Kauri, podocarp, broadleaved, beech forest ecosystem (WF12)

Warm forest ecosystem

About this ecosystem

This type of forest thrives in warm areas with moderate humidity. It occurs almost exclusively on steep southern facing hill-slopes below 600m elevation. Soils have low-moderate fertility that comes from weathered parent materials.

This forest has similar flora to other kauri ecosystems (WF11) but also contains hard beech stands. 

It is likely that this forest type was once more widespread along Auckland's southern and eastern hills and ranges. It is now restricted to a few areas including :

  • Hunua Ranges
  • Te Hauturu-o-Toi / Little Barrier Island
  • Waiheke Island.
Diverse forest understorey trees with branches twisting around each other.
A North Shore kauri, podocarp, broadleaved beech remnant.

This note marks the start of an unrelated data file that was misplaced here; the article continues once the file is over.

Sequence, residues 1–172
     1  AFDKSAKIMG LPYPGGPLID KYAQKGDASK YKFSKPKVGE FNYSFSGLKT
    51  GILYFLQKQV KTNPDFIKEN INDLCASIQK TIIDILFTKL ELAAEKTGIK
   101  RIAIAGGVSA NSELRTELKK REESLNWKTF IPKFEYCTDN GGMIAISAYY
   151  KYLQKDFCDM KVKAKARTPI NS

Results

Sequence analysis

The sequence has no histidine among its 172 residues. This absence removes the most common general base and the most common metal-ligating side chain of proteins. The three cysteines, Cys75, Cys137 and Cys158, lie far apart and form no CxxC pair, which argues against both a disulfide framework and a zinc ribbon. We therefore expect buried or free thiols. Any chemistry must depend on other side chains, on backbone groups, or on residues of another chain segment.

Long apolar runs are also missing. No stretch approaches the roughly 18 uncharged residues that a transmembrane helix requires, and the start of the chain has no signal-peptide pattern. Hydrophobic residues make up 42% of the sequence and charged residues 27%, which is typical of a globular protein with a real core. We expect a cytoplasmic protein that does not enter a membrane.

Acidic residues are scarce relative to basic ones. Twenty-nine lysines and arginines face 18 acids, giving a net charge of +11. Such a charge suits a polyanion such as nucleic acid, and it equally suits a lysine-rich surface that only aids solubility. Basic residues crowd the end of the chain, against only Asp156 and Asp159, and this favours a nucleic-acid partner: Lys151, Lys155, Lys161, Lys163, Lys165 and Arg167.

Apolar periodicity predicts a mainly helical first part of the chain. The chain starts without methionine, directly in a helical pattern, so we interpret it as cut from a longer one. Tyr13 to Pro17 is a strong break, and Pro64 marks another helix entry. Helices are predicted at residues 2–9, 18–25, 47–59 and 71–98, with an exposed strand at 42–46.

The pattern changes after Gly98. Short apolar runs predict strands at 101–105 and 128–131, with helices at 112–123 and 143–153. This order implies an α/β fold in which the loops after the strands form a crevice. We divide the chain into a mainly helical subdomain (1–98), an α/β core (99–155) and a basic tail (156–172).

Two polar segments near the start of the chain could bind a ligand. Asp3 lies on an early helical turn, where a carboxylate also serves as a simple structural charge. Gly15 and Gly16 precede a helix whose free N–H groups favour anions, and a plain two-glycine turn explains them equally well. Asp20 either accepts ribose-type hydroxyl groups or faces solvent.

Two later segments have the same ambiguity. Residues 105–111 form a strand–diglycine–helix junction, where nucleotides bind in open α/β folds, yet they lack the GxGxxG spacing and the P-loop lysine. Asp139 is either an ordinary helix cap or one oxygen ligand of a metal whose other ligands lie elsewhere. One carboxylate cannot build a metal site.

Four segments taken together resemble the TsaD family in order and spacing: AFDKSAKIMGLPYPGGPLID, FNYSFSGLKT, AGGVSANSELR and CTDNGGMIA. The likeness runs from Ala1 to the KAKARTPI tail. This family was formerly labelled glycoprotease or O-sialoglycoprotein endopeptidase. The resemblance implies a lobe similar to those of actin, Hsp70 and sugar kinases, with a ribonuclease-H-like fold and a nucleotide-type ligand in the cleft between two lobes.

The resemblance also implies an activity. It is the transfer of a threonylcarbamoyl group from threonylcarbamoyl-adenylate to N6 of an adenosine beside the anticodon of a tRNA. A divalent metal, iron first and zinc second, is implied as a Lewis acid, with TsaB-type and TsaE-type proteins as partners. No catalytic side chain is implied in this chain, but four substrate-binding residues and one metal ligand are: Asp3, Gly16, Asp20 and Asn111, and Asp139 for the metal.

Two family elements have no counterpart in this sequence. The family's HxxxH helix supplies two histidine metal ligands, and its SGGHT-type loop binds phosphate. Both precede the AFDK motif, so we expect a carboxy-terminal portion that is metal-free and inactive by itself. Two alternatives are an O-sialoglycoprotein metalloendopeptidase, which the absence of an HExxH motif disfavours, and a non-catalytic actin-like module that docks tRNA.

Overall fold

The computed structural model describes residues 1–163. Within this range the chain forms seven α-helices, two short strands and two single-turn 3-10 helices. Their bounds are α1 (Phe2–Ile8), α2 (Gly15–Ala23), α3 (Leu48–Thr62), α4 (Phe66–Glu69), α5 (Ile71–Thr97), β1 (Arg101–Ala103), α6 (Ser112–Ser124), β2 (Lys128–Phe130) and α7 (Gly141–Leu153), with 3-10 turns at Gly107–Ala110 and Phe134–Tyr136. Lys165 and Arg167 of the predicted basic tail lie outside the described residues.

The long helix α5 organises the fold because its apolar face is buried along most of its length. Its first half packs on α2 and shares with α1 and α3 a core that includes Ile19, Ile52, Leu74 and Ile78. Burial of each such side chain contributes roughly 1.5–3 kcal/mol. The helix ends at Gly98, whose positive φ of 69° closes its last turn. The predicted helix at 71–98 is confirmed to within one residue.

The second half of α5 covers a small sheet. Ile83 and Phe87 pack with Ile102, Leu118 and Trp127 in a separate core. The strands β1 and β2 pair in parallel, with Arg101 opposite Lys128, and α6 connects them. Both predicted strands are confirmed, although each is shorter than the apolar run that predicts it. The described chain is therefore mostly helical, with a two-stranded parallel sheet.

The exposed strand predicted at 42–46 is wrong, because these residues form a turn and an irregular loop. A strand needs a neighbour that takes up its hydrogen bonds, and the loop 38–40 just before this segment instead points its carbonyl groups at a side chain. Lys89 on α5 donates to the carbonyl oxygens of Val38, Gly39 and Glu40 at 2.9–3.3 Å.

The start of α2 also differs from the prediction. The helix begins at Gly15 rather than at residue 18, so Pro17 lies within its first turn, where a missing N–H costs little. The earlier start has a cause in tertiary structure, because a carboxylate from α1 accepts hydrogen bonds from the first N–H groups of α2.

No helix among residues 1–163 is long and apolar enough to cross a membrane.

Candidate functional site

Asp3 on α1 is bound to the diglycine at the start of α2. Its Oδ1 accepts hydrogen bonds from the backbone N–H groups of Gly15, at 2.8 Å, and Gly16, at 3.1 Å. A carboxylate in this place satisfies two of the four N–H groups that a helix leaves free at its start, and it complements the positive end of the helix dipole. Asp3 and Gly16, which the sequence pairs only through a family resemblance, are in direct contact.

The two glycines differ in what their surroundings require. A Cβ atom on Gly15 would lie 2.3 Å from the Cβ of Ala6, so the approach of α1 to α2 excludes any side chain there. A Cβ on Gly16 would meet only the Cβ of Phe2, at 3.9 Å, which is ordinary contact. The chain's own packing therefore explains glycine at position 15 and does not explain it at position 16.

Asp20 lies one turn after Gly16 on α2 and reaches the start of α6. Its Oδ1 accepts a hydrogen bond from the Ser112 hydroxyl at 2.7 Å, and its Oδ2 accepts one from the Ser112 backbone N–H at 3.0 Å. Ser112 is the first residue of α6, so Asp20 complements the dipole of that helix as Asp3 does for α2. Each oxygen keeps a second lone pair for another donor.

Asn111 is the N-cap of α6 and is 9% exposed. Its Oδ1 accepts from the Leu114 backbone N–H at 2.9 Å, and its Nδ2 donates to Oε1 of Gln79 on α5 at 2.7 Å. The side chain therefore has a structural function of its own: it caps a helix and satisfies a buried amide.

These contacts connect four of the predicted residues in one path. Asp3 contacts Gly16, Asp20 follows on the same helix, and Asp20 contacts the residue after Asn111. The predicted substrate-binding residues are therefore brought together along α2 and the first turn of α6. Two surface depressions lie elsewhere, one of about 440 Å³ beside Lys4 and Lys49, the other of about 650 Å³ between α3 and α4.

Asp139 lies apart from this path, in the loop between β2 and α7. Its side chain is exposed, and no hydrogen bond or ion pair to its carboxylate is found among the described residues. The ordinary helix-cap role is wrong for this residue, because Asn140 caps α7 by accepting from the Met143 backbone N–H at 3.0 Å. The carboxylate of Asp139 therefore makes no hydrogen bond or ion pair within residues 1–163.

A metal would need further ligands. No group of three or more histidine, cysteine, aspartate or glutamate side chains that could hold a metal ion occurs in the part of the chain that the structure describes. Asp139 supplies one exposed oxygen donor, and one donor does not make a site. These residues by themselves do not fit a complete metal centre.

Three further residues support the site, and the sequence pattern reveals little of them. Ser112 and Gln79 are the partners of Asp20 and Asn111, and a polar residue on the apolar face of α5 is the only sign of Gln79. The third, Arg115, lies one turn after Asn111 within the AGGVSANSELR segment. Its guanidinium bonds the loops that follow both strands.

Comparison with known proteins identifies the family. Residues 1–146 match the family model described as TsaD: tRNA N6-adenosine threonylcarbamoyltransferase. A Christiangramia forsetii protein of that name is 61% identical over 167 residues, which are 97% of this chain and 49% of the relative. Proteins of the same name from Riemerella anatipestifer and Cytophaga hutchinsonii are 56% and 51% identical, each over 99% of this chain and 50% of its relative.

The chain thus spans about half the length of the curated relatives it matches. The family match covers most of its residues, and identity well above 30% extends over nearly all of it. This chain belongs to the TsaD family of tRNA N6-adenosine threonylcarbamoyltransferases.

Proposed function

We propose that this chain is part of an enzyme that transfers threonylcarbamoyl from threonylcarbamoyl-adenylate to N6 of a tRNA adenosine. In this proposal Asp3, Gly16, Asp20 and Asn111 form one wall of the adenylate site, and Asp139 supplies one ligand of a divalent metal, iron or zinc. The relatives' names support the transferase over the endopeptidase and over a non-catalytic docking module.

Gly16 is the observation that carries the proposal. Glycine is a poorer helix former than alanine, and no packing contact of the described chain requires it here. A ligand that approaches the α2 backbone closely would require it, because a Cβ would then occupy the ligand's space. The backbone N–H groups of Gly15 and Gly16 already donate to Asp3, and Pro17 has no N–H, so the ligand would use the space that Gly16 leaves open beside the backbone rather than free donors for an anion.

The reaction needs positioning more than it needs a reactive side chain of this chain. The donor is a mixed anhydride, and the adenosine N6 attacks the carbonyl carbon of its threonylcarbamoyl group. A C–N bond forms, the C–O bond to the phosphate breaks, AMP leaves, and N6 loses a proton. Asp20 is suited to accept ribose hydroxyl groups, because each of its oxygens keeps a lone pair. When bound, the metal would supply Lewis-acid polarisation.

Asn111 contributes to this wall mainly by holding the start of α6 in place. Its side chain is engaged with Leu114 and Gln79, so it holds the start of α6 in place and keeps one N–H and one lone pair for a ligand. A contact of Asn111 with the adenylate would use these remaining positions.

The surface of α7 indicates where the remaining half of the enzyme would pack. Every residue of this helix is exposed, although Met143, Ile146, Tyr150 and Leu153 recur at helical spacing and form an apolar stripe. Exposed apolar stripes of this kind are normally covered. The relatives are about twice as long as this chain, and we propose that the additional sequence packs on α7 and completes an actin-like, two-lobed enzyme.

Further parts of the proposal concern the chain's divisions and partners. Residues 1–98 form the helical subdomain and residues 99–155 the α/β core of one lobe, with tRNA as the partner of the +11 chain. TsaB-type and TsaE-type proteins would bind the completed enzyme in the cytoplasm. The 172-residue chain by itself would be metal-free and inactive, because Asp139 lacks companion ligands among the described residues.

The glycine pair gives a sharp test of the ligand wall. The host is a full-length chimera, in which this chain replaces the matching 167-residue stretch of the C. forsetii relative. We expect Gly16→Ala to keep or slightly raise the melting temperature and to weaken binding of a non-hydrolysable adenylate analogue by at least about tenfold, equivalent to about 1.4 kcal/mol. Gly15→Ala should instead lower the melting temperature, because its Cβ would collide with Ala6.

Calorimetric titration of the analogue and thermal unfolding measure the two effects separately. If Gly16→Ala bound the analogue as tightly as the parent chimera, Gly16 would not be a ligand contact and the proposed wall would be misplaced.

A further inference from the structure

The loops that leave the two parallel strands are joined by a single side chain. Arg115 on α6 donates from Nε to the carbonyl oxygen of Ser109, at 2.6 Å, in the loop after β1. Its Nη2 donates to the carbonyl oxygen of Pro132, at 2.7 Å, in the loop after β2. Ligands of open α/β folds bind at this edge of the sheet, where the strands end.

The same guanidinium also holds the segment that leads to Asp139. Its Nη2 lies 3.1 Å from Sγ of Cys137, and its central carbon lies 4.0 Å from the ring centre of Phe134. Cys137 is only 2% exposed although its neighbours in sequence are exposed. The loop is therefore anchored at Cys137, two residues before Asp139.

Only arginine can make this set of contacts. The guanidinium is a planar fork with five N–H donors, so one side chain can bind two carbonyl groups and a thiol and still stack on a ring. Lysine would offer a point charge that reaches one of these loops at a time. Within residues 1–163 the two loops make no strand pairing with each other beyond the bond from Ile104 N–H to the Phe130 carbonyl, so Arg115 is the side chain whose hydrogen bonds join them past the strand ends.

Photo credit: Jason Hosking

Flora and fauna in this ecosystem

These forests support the more common native birds such as:

  • ruru (morepork)
  • kōtare (kingfisher)
  • tūī
  • riroriro (grey warbler).

In areas with no predators, cavities in old beech trees provide a good home to:

  • geckos
  • hihi (stitchbird, on Te Hauturu-o-Toi / Little Barrier Island)
  • pekapeka-tou-roa (long tailed bats).

Threats in this ecosystem

This ecosystem is endangered due to pests and kauri dieback.

Pest animals are a significant threat as they reduce the amount of available food and they prey on native animals. These pests include:

  • possums
  • rats
  • goats. 

Kauri dieback is also a major threat to this ecosystem. It is important to always clean your shoes, tires and gear before entering and after leaving a kauri forest.